what the owner has been deprived of; (ii) the principles which the Legislature
can prescribe are only principles for ascertaining a "just
equivalent" of what the owner has been deprived of; and (iii) if the
compensation fixed was not a "just equivalent" of what the owner has
been deprived of or if the principles did not take into account all relevant
elements or took into account irrelevant elements for arriving at the just
equivalent, the question in regard thereto is a justiciable issue. This Court,
therefore, authoritatively interpreted Art. 31(2) of the Constitution and laid
down its scope. This view was reiterated by this Court in State of Madras v.
Namasivaya Mudaliar(1). There the question was whether ss. 2 and 3 of the
Madras Lignite (Acquisition of Land) Act XI of 1953 which sought to amend the
Land Acquisition Act 1 of 1894 were invalid because they infringed the
fundamental rights under Art. 31 of the Constitution of owners of lands whose
property was to be compulsorily acquired. Under that Act, compensation made
,Payable for compulsory acquisition of land was the value of the land on April
28, 1947, together with the value of any agricultural improvements made thereon
after that date and before Publication of the notification under s. 4(1). The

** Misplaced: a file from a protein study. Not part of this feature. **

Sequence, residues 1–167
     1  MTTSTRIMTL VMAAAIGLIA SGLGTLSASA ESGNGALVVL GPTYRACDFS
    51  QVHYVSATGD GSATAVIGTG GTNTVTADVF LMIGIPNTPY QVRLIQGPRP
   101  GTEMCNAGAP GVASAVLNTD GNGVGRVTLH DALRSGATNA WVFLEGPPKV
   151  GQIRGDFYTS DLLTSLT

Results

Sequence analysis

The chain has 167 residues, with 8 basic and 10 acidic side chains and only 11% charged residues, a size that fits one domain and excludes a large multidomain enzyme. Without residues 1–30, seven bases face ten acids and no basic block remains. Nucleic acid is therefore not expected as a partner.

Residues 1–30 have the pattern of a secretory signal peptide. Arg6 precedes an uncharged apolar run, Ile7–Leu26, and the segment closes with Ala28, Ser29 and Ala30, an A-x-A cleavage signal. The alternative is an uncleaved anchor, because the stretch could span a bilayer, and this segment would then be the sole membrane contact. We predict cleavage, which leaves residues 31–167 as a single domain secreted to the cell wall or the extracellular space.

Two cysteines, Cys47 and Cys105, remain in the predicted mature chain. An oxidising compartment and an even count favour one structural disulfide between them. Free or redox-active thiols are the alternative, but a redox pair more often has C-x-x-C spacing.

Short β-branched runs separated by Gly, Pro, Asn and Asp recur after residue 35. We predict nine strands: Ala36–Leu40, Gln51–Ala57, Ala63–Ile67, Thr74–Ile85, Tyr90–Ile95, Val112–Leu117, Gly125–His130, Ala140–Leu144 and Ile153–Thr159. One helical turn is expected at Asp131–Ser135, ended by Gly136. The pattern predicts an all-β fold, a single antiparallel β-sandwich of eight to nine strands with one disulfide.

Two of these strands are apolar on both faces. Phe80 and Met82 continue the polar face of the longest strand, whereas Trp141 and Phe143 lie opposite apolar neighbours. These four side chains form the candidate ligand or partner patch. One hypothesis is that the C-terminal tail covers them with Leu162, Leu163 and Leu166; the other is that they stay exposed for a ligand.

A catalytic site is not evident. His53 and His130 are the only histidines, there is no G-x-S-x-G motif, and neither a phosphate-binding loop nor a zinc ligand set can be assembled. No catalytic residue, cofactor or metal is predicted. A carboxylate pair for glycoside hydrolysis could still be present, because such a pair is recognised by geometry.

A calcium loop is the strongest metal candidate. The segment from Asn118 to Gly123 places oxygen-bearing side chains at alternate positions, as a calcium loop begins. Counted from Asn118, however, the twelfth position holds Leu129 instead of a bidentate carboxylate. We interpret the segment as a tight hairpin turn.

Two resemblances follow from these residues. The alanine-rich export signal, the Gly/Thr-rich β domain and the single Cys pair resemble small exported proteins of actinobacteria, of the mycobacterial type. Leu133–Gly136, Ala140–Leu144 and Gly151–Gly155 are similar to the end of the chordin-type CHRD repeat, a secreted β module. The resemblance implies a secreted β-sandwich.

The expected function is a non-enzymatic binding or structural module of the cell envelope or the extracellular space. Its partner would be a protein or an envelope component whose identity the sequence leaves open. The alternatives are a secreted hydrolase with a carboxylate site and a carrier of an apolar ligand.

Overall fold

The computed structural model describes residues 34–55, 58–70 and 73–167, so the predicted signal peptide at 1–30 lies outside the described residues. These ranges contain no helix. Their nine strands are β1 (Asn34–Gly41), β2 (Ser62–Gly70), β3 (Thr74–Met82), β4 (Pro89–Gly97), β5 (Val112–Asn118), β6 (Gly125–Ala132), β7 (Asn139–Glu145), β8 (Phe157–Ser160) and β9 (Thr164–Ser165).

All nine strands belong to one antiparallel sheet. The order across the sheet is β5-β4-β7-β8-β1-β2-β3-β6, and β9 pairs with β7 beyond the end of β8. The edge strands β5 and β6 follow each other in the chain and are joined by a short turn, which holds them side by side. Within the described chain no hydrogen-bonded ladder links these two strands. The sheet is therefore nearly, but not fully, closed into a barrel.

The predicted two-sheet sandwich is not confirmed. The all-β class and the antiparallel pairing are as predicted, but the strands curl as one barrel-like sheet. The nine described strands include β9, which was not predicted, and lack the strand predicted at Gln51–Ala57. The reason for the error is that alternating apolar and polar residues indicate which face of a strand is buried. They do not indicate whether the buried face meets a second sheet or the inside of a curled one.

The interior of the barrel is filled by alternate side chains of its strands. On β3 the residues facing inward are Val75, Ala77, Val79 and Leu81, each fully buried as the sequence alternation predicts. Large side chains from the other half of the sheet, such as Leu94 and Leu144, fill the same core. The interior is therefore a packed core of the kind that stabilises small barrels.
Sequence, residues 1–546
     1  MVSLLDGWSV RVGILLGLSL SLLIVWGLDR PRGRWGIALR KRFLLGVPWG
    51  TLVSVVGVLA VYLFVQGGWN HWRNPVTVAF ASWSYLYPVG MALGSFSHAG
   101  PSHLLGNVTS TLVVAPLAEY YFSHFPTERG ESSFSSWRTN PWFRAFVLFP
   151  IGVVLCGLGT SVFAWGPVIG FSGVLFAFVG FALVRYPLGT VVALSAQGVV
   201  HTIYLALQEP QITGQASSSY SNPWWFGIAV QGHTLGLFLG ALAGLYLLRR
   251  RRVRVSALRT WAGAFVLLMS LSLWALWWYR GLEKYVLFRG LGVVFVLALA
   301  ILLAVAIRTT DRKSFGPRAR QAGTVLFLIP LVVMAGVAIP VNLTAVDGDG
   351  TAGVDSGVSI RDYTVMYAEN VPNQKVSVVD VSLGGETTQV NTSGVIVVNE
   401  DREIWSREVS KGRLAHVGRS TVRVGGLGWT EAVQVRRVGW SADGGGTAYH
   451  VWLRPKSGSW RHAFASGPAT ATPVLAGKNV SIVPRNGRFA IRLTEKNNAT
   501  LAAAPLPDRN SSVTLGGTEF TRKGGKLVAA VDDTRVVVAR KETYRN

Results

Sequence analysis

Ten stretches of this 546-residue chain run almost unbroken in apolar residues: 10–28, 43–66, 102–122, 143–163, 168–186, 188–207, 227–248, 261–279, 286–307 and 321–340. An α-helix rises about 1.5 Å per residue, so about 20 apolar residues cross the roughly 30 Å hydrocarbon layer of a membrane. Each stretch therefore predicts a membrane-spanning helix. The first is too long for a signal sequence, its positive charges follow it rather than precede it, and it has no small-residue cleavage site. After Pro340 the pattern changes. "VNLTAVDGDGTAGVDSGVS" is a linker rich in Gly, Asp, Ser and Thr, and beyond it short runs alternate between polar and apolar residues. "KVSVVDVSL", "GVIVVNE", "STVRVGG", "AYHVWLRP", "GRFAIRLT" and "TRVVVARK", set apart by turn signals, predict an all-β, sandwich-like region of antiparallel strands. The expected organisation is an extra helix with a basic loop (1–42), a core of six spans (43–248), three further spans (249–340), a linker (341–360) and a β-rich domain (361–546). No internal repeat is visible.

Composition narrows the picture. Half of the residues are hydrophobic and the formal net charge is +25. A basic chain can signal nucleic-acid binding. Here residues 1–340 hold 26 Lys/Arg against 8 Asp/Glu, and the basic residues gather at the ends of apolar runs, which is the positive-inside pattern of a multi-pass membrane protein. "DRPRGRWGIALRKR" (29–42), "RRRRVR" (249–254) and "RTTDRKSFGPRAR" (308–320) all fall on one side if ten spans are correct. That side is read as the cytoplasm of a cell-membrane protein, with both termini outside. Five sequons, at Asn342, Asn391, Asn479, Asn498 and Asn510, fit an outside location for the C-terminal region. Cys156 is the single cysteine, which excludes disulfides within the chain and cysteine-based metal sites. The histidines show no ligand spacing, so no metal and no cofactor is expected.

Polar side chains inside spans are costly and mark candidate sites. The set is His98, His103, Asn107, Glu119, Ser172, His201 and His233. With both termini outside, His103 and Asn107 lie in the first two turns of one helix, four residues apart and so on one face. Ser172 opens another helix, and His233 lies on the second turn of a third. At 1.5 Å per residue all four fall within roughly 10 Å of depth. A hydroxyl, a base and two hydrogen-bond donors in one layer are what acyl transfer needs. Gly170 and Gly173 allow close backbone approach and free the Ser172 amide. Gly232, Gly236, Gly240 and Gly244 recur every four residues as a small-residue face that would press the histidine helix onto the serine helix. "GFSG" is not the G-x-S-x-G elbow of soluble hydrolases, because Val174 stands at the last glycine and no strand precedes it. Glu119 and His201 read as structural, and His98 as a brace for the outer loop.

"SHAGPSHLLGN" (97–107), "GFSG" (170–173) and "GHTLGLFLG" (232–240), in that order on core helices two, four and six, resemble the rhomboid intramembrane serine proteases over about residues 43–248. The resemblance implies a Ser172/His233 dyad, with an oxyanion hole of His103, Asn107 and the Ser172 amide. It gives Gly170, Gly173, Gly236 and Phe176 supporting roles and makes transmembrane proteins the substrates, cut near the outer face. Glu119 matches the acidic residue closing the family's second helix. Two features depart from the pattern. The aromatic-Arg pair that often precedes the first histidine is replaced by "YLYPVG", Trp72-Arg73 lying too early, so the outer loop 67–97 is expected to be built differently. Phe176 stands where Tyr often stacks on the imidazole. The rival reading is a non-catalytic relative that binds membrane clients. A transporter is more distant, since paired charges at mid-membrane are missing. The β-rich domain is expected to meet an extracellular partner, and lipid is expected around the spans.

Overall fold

result of that Act was to freeze for the purpose of acquisition the prices of
land in the area to which it applied and the owners were (1)  6 S.C.R.
625 deprived of the benefit of appreciation
of land values since April 28, 1947, whenever the notification under s. 4(1)
might be issued and also of non-agricultural improvements made in the land
after April 28, 1947. That Act was passed before the Constitution (Fourth
Amendment) Act, 1955, was enacted and, therefore, the question fell to be
considered on the Article as it existed before the amendment. After noticing
the relevant provisions and the case-law on the subject, Shah J., speaking for
the Court, said :
"Fixation of compensation for compulsory
acquisition of lands notified many years after that date, on the market value
prevailing on the date on which lignite was discovered is wholly arbitrary and
inconsistent with the letter and spirit of Art. 31 (2) as it stood before it
was amended by the Constitution (Fourth Amendment) Act, 1955. If the owner is
by a constitutional guarantee protected against expropriation of his property
otherwise than for a just monetary equivalent, a law which authorises
acquisition of land not for its true value, but for value frozen on some date
anterior to the acquisition, on the assumption that all appreciation in its
value since that date is attributable to purposes for which the State may use
the land at sometime in future, must be regarded as infringing the fundamental
right." It may, therefore, be taken as settled law that under Art. 31(2)
of the Constitution before the Constitution (Fourth Amendment) Act, 1955, a
person whose land was acquired was entitled to compensation i.e., a "just
equivalent" of the land of which he was deprived. The Constitution (Fourth
Amendment) Act, 1955 amended Art. 31(2) and the amended Article reads "No
property shall be compulsorily acquired or requisitioned save for a public
purpose and save by authority of law which provides for compensation for the
property so acquired or requisitioned and either fixes the amount of
compensation or specifies the principles on which and the manner in which, the